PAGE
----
Effect of Hyperbilirubinemia on Medial Olivocochlear System in Newborns – A Study
J Int Adv Otol 2019; DOI: 10.5152/iao.2019.5723
Burak Karabulut, Mehmet Sürmeli, Şenol Bozdağ, İldem Deveci, Rıza Doğan, Çağatay Oysu
To evaluate medial olivocochlear efferent system of babies with hyperbilirubinemia with normal auditory brain stem responses.
MATERIALS AND METHODS:
This was a prospective study in a tertiary referral hospital. The study involved 40 hyperbilirubinemic and 44 healthy newborns. Cochlear and auditory activity of participants was evaluated by transient otoacoustic emissions (TOAEs) and brainstem auditory evoked response components (BAER). Medial olivocochlear (MOC) reflex was evoked with contralateral acoustic stimulation and recorded with TOAEs.
A comparison of the MOC reflex activity between two groups with Mann Whitney U test revealed that MOC reflex activity were significantly decreased in the hyberbilirubinemic group for both ears (p<.05). This difference was significant for all frequencies in both ears. There was no significant relation between total serum bilirubin level and MOC reflex activity.
Hyperbilirubinemic newborns had decreased MOC reflex activity. This may be indicative of future problems in speech discrimination and effective hearing in noisy background. Additional long cohort studies are needed to evaluate the clinical importance of MOC reflex measurements in this group. MOC reflex measurement has the potential to form part of the audiologic evaluation of newborns with hyperbilirubinemia in the future.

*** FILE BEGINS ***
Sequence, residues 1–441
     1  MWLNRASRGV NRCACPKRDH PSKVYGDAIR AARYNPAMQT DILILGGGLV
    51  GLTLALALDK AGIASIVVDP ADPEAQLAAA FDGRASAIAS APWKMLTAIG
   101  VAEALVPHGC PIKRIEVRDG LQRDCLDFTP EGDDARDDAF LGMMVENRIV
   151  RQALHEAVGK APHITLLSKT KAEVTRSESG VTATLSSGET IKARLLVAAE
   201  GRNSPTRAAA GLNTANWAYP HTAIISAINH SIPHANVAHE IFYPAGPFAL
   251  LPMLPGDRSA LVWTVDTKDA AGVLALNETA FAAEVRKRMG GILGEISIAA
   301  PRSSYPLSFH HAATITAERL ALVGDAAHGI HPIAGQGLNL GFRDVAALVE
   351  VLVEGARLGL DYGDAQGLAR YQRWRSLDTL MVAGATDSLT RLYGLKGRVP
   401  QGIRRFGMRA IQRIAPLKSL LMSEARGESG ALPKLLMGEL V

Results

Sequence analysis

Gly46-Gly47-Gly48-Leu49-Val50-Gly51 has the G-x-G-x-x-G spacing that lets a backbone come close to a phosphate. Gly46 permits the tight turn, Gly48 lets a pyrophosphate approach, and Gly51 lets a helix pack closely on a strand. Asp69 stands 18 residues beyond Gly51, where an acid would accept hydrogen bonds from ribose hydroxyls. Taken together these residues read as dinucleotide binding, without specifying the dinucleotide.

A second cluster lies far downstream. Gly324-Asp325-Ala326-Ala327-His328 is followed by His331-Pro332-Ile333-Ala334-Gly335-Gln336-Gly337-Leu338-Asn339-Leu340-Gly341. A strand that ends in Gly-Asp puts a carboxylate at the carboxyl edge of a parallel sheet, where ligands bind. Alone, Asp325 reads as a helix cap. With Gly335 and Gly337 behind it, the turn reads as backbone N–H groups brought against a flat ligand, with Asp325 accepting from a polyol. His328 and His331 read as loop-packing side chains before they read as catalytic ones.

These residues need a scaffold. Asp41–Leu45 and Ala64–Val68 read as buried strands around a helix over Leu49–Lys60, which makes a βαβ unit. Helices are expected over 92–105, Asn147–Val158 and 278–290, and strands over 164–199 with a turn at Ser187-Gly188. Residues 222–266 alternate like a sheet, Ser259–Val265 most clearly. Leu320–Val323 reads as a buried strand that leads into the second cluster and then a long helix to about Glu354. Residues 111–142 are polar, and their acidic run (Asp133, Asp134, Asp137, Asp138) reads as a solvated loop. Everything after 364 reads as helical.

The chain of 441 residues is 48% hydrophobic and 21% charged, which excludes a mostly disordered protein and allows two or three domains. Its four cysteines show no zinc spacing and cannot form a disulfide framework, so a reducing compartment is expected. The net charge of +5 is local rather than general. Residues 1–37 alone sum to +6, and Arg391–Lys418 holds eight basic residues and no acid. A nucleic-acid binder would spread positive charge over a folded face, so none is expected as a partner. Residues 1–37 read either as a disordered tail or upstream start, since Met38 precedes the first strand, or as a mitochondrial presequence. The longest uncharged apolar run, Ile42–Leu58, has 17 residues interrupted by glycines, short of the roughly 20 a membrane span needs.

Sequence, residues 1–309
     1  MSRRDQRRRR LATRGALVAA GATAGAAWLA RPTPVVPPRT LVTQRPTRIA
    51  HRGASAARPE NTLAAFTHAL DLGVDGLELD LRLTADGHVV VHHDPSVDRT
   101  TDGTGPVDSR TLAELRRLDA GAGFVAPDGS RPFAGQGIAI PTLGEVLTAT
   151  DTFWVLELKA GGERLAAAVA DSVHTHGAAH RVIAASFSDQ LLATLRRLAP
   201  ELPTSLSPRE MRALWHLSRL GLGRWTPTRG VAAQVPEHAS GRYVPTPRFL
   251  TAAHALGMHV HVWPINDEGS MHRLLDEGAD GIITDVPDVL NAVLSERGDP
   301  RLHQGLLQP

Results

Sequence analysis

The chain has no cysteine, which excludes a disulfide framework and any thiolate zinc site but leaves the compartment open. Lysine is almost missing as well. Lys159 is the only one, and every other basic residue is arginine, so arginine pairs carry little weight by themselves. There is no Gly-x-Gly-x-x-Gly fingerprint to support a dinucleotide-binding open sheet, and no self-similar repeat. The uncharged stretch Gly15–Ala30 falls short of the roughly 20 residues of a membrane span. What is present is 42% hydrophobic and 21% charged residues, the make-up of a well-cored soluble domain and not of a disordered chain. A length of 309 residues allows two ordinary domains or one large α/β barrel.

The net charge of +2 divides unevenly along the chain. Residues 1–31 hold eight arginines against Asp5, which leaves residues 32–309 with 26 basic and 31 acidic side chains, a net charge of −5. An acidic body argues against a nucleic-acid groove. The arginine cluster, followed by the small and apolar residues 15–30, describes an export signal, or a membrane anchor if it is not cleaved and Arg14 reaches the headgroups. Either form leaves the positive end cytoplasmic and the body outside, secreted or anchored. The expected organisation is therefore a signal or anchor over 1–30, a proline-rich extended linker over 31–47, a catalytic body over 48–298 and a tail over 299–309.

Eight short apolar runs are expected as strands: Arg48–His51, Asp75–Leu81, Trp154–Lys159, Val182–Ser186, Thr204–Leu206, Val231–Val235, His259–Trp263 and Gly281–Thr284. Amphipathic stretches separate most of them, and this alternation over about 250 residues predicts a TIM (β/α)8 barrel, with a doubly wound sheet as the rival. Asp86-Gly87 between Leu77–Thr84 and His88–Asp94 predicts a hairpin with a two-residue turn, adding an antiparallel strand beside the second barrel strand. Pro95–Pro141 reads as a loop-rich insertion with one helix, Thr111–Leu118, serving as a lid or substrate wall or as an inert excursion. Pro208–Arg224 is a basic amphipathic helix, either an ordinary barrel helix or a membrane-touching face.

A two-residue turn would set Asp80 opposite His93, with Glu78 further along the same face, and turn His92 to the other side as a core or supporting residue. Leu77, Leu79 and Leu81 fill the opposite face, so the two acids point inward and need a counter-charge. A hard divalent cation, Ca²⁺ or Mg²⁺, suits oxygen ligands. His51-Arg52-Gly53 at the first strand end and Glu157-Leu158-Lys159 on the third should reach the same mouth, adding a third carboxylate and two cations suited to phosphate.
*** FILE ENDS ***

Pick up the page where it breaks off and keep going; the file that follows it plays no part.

Excerpt from Material and Methods
“All infants included in the study underwent BAER (K-500 BDT; Vivosonic Inc., Ontario, Canada) using the monaural method. The test was conducted in a soundproof room reserved for this purpose within the audiology unit of the otolaryngology department, with the child in physiological sleep in a regular bed. The stimulus was introduced by the insertion of headphones (ER3). A bicannal electrode (inverting electrode on the mastoid, non inverting electrode on the forehead, and ground electrode on the cheek) was used to record signals. Test parameters were as follows: clicks with a repetition rate of 29.9/s, average response of 2000 times, and stimulus intensity of 90 dBnHL, with the stimulus intensity lowered to 20 dB intervals to confirm the hearing threshold levels for wave V. The latencies of BAER wave I, III, V, and I-V interpeak intervals were measured. The criterion for normal hearing was the presence of wave V with a stimulus intensity of 20 dBnHL.”
“Transient-evoked OAEs were documented in linear mode, and test frequencies were at 1, 2, 3, 4, and 5 kHz (Vivosonic Integrity K500; Vivosonic Inc.). Records with >70% wave reproducibility and >80% stimulus stability were included in the study, and each test was terminated with 260 sweeps. Emissions with >6 dB signal-to-noise ratio were considered valid.”
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